Because of the way the unemployment rate is calculated, the rate can actually go down even when the number of people who are employed is also going down.

In April, the civilian noninstitutional population of people 16 and older was 247,439,000. Of these, according to BLS’s seasonally adjusted numbers, 155,421,000 participated in the labor force (down 806,000 from the 156,227,000 who participated in the labor force in March). That yielded the labor force participation rate of 62.8 percent–matching the 36-year low.

Of the 155,421,000 who participated in the labor force in April, 145,669,000 were employed (meaning they had some kind of job, including both full- and part-time jobs), and 9,753,000 were unemployed (meaning they looked for a job and did not find one).

The 9,753,000 who looked for a job and did not find one, and thus were “unemployed,” equaled 6.3 percent of the 155,421,000 still in the labor force–yielding an unemployment rate of 6.3 percent.

In March, in the then-larger civilian labor force of 156,227,000, there were 10,486,000 who actively sought a job and did not find one–yielding an unemployment rate of 6.7 percent.

In March, according to BLS’s seasonally adjusted numbers, there were 145,742,00 people who were employed. In April, that dropped by 73,000 to 145,669,000.

Thus, in April, the seasonally adjusted unemployment rate dropped at the same time the number of people with jobs dropped. (In the BLS’s non-seasonally adjusted data, the number of people employed increased by 677,000 from March to April, climbing from 145,090,000 to 145,767,000.)

Full article at:  http://cnsnews.com/news/article/terence-p-jeffrey/92594000-americans-not-labor-force-hits-all-time-record-participation

Deconstructing the U.S. Economy: The Non-Recovery

By: Eric Sprott

We are now in the 5th year since the “official” end of the Great Recession (the National Bureau of Economic Research (NBER), which officially dates U.S. recessions, said the recession ended in the second quarter of 2009), but it hardly feels like a recovery. Nonetheless, the media, sell-side economists, central bankers, the IMF, etc. all claim that the U.S. economy is now firmly out of the woods.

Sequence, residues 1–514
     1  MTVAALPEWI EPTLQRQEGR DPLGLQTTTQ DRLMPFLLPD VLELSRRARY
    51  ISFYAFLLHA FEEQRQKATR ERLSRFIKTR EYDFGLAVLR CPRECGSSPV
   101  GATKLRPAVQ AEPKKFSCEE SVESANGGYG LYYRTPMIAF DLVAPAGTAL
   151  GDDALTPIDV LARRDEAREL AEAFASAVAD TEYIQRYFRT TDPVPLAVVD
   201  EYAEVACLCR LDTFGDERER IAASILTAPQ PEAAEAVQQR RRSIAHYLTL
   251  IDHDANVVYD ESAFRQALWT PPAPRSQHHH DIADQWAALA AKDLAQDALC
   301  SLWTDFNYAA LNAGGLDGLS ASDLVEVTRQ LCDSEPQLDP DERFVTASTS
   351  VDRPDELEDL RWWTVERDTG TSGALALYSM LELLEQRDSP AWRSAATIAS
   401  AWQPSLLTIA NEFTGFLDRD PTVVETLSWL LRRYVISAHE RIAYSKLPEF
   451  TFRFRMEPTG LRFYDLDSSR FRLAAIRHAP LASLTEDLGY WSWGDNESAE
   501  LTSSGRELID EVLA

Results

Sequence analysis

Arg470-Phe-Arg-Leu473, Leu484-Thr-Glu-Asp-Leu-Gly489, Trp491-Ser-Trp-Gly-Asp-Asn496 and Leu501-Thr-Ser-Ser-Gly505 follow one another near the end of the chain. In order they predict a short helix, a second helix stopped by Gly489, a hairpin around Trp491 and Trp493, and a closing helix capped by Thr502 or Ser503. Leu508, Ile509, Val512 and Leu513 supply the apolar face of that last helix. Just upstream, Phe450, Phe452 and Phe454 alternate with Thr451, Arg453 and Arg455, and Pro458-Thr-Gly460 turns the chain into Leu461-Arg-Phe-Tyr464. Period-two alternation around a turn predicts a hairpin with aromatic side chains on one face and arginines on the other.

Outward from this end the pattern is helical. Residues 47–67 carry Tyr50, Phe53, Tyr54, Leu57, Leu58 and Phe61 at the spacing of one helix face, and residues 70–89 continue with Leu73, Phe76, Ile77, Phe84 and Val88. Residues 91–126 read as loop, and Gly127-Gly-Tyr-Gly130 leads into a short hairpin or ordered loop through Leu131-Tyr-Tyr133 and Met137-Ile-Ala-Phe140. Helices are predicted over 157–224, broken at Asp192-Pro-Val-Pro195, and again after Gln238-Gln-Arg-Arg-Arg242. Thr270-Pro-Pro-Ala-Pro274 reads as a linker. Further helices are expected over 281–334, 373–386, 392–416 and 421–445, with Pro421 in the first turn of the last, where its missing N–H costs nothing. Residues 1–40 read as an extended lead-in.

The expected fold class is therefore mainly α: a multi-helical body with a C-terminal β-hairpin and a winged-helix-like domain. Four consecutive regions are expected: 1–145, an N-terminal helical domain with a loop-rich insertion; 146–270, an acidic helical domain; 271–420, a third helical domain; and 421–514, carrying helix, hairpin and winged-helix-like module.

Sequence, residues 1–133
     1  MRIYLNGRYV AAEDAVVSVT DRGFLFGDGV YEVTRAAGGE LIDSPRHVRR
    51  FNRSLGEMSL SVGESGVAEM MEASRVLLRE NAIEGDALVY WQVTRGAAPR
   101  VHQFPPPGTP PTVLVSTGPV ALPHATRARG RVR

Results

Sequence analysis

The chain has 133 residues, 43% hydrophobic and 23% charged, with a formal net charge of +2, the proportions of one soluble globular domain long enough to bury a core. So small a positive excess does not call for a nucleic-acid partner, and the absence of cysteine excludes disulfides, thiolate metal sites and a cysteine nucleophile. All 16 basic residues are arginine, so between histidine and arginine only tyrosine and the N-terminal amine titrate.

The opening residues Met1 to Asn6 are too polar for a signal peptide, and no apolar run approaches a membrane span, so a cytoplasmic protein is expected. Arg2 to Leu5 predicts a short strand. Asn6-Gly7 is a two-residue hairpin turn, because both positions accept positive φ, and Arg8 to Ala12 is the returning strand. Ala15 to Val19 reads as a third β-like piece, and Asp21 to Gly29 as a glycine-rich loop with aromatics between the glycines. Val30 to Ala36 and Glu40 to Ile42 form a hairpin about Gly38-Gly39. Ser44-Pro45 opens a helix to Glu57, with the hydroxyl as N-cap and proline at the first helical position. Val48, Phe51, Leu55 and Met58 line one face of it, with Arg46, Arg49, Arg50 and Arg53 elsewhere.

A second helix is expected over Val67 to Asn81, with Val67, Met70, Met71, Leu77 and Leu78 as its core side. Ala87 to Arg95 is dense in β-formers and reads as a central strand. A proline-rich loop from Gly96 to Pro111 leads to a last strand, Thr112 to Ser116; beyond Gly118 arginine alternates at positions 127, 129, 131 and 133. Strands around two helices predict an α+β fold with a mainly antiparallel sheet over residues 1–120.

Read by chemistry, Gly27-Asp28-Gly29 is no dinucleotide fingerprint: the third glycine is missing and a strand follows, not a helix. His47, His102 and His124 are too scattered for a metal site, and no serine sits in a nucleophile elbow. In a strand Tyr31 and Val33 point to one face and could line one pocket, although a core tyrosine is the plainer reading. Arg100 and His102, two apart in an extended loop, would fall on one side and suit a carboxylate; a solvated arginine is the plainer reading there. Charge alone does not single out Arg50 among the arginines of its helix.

President Barack Obama said in his State of the Union speech that he believes 2014 “can be a breakthrough year” for the U.S. economy and the IMF, which raised its forecast for U.S. GDP growth in a report titled “Is the Tide Rising?”, now predicts growth of 2.8% in 2014.1

However, a closer look at the data suggests that things are not improving and that the U.S. economy remains frail. Many point to the unemployment rate as a sign that things are getting better. Indeed, it has been declining steadily for many years and now stands at 6.7%. However, what many seem to forget is that the unemployment rate is declining for the wrong reasons.

Yes, the U.S. has been adding new jobs, but a large share of the decline in the unemployment rate can be explained by discouraged workers leaving the labour force.2 This effect can be seen in the falling participation rate. Many argue that this decline in the participation rate is structural and is caused by population aging. This explanation is superficial and misleading.

Figure 1, shows the contribution to the total participation rate for various age groups. As shown in Figure 1, since January 2005, the participation rate has fallen by 2.9% (from 65.8% to 62.9%). Of this decrease, 1.3% and 4.7% were driven by the 16-24 and 25-54 age groups, respectively. The rest was offset by a 3.1% increase in participation by the 55+ cohort.

FIGURE 1: CONTRIBUTION TO U.S. PARTICIPATION RATE (%)
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Note: Sum of individual components adds up to total participation rate.
Source: Bloomberg, Sprott Calculations

This is reflective of a deep problem, as it suggests that baby boomers are failing to make ends meet and have to work for longer or even come out of retirement, and that the future workforce, those in their prime working years, are leaving the labour force.

Interestingly, without the “3% contribution” from the 55+ cohort, the labour force would have fallen below 60% for the first time since 1971, a period when the participation rate was starting to expand, driven mainly by women entering the workforce.

But that’s not all; many of those in their early 20s, seeing how hard it is to find a job, are staying in college for longer, amassing outrageous levels of student debt in the process. This is obviously not a sustainable solution. Delinquency rates on student loans (the bulk of them insured by the U.S. Government) are now at all-time highs (Figure 2). Most of these student loans have been securitized and sold to investors with the Government’s stamp (sound familiar?).

FIGURE 2: STUDENT LOANS % 90+ DAYS DELINQUENT
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Source: Bloomberg, Sprott Calculations